There is actually a lot of discussion and disagreement over whether Buddhism is a religion.  After all, it is non-deistic (no God to worship).  Yet, as I indicated, I believe I received pure knowledge from God. But this God was not the God of the Christian Bible, for many reasons.  As a result of my two sessions of pure knowledge:

I no longer believe God experiences emotions such as anger, jealousy, etc.  My impression is that is merely a human/animal métier.  Nor do I believe that God expects us to be on our knees worshiping him.

I no longer believe that God judges us.

I no longer believe there is a hell, except the one(s) we make for ourselves on earth.

I now believe God's only desire is for us to get a clue.

"Getting a clue" means learning how to live in true, pure, unselfish love.

That once we get a clue, we will join him, not in a physical place one might call "heaven", but literally our energy will merge with his, and we will become part of That Which Is ALL;
That as many times as we must go around until we get there, we will ALL get there eventually;

And that he's got all the time and patience in the world until we do.

I'll see you there...


Sunday, February 2, 2014

"Super" Bowl???

Well, the Super Bowl is being played as I write.  Back in the day, seems like the Pittsburgh Steelers, the team I rooted for, were in contention to appear in The Big Game pretty regularly.  Sometimes I wish I didn't know now what I didn't know then.

For that was before four separate women made four separate rape/sexual misconduct allegations against Steeler quarterback Ben Roethlisberger, who, after receiving a very light slap on the wrist considering the amount of evidence NFL Commish Roger Goodell hinted he had gotten a gander at, was back on the job as Steelers' franchise QB.  That was the genesis of the alienation of affection between me, formerly a ferocious and loyal fan, and the Steelers.  And me and football.

Now, the latest.

I received an email Friday from Credo Action, a do-gooder group I have worked with upon occasion.  That email directed me to this website: 

There, I learned, to my horror, that the NFL does not (and has not since at least 1966, when came the merger that created the modern NFL), pay federal taxes.  Yes, you read that correctly, the NFL does NOT pay federal tax.  During the aforementioned merger negotiation, the NFL was able to obtain a sweetheart deal from the IRS whereby they would wear the designation of a non-profit organization.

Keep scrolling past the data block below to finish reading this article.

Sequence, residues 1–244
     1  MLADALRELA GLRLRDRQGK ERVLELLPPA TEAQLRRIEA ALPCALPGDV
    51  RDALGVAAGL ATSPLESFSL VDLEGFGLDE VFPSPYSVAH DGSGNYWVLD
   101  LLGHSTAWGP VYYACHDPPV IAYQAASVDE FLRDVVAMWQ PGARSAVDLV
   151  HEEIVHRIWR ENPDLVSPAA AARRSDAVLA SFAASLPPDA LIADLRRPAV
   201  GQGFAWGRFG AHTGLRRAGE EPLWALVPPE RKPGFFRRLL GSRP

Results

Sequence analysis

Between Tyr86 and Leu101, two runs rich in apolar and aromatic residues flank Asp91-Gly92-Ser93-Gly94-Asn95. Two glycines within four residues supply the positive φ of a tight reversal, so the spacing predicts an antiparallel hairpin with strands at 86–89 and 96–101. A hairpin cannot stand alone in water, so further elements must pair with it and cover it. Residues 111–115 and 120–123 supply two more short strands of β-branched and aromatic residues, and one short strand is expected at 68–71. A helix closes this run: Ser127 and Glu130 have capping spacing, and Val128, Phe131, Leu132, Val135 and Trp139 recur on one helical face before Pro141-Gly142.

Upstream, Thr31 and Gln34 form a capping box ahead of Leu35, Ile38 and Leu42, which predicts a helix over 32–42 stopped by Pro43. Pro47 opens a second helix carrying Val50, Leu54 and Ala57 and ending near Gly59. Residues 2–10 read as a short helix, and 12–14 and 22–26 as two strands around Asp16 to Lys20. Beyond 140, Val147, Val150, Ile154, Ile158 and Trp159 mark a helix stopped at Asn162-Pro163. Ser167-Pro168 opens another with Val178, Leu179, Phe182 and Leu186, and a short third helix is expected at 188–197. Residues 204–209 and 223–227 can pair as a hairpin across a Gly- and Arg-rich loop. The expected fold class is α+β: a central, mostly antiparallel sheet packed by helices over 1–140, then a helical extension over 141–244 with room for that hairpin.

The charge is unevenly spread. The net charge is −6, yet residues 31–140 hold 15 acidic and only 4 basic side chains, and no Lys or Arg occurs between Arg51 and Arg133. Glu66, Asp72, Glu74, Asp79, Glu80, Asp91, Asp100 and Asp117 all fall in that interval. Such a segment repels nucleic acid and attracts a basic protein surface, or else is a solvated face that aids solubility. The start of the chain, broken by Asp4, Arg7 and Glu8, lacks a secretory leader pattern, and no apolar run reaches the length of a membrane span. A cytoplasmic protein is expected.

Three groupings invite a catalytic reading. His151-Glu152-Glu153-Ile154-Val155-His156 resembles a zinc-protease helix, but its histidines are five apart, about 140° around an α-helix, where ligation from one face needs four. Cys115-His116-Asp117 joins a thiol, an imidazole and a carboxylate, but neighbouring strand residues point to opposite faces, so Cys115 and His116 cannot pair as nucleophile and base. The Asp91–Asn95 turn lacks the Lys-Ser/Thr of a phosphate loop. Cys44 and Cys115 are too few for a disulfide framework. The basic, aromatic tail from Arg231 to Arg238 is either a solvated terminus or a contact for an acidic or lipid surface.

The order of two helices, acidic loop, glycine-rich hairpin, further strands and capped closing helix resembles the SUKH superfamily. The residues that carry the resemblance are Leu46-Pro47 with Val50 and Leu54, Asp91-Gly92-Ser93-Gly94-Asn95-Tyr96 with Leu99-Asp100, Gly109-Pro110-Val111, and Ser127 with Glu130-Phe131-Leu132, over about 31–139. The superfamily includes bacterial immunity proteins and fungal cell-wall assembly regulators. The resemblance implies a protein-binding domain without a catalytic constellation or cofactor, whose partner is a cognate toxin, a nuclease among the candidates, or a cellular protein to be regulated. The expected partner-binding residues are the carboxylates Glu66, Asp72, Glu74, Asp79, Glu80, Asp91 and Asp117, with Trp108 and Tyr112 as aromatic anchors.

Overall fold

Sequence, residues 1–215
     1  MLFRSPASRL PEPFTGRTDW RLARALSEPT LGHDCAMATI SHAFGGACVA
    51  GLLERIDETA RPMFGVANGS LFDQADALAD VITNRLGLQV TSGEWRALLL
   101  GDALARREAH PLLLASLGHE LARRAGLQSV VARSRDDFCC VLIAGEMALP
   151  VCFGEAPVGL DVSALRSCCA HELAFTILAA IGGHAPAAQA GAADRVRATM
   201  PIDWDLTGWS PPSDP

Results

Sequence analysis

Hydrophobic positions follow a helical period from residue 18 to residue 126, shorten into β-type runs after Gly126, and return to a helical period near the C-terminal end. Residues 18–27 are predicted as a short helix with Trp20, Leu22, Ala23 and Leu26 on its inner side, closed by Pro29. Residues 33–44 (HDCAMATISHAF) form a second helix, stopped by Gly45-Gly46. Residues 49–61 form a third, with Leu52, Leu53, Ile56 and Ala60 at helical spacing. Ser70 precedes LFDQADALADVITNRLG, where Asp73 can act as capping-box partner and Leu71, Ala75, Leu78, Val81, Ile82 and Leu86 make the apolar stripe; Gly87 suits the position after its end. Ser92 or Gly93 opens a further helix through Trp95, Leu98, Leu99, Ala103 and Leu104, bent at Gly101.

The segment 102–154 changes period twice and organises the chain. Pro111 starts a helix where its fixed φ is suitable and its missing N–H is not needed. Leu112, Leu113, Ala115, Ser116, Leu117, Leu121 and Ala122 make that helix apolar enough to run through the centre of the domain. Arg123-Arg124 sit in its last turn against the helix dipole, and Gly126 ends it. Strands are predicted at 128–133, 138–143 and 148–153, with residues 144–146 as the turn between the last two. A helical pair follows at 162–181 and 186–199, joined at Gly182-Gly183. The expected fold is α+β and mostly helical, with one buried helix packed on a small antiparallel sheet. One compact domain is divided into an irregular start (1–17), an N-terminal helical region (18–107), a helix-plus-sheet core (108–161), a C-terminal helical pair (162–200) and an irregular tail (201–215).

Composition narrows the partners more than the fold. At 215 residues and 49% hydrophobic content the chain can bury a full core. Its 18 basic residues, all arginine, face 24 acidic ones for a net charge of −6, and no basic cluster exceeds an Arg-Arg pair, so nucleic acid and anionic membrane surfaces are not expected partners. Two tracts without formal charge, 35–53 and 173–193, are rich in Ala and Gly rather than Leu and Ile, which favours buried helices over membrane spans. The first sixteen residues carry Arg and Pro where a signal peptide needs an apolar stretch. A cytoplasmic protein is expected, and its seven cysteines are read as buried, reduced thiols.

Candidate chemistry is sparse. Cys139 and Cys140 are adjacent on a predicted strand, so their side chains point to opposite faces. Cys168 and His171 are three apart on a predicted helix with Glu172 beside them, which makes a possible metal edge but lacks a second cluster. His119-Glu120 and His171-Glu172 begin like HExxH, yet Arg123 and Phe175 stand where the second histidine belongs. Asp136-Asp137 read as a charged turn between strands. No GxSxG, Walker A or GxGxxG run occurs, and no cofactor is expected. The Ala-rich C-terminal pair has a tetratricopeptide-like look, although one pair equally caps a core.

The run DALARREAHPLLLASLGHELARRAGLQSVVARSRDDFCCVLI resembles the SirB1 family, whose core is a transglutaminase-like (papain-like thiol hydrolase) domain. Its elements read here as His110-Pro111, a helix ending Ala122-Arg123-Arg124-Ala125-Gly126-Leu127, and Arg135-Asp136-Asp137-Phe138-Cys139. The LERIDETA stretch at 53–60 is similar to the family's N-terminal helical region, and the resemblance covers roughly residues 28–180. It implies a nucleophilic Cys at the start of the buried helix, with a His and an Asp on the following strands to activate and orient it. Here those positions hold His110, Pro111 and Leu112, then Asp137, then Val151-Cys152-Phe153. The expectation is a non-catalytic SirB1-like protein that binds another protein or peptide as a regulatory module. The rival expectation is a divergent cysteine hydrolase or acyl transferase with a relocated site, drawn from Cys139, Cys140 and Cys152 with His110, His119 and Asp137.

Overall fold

corporate welfare, n

financial aid, such as a subsidy or tax break, provided by the government to corporations or other businesses, especially when viewed as wasteful or unjust.

Or, for the hell of it, how about we try input from Wikipedia:

"Subsidies considered excessive, unwarranted, wasteful, unfair, inefficient, or brought about by lobbying are often called corporate welfare."

Well, considering that the NFL earns approximately $9 BILLION a year and has reportedly spent $12.7 million in lobbying efforts since 1998 and $2 million in campaign contributions since '92, I would certainly call into question their non-profit status and would feel comfortable connecting a few back-scratching, one-hand-washing-the-other dots, wouldn't you?

To me, it's bad enough when a corporation whose product or service we need gets these subsidies.  Like oil companies, for example.  But do we truly NEED football enough to justify this gross inequity?

I remember watching an HBO documentary program in the 80's (though the title escapes me now, and research into this title has so far proven elusive) about pro football players years after retirement who were crippled, or whose health was adversely affected by the grind of the NFL and how many felt the NFL didn't do much to provide for the needs of these players as their health and quality of life continued to decline.  Since then stories abound of many former gridiron heroes such as Hall of Fame center Mike Webster, who sustained several apparently undiagnosed concussions and consequently suffered from amnesia, dementia, and depression and was homeless for a time upon his retirement, dying at age 50.  Many players have been recently found to have suffered a similar fate.  The NFL is reaping a heaping of unhappy karma.